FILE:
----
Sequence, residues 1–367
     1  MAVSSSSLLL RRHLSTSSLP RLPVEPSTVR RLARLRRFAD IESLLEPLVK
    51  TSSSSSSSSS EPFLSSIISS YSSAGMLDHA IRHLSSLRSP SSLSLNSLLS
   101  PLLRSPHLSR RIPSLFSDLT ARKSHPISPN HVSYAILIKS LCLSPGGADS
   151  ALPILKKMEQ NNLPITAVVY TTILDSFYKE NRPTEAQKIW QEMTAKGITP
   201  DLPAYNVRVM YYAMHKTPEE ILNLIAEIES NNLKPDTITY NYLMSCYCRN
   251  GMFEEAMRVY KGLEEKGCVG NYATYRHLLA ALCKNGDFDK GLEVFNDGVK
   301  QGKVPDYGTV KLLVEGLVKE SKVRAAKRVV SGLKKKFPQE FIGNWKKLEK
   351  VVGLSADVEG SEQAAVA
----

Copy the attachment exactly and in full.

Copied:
Sequence, residues 1–367
     1  MAVSSSSLLL RRHLSTSSLP RLPVEPSTVR RLARLRRFAD IESLLEPLVK
    51  TSSSSSSSSS EPFLSSIISS YSSAGMLDHA IRHLSSLRSP SSLSLNSLLS
   101  PLLRSPHLSR RIPSLFSDLT ARKSHPISPN HVSYAILIKS LCLSPGGADS
   151  ALPILKKMEQ NNLPITAVVY TTILDSFYKE NRPTEAQKIW QEMTAKGITP
   201  DLPAYNVRVM YYAMHKTPEE ILNLIAEIES NNLKPDTITY NYLMSCYCRN
   251  GMFEEAMRVY KGLEEKGCVG NYATYRHLLA ALCKNGDFDK GLEVFNDGVK
   301  QGKVPDYGTV KLLVEGLVKE SKVRAAKRVV SGLKKKFPQE FIGNWKKLEK
   351  VVGLSADVEG SEQAAVA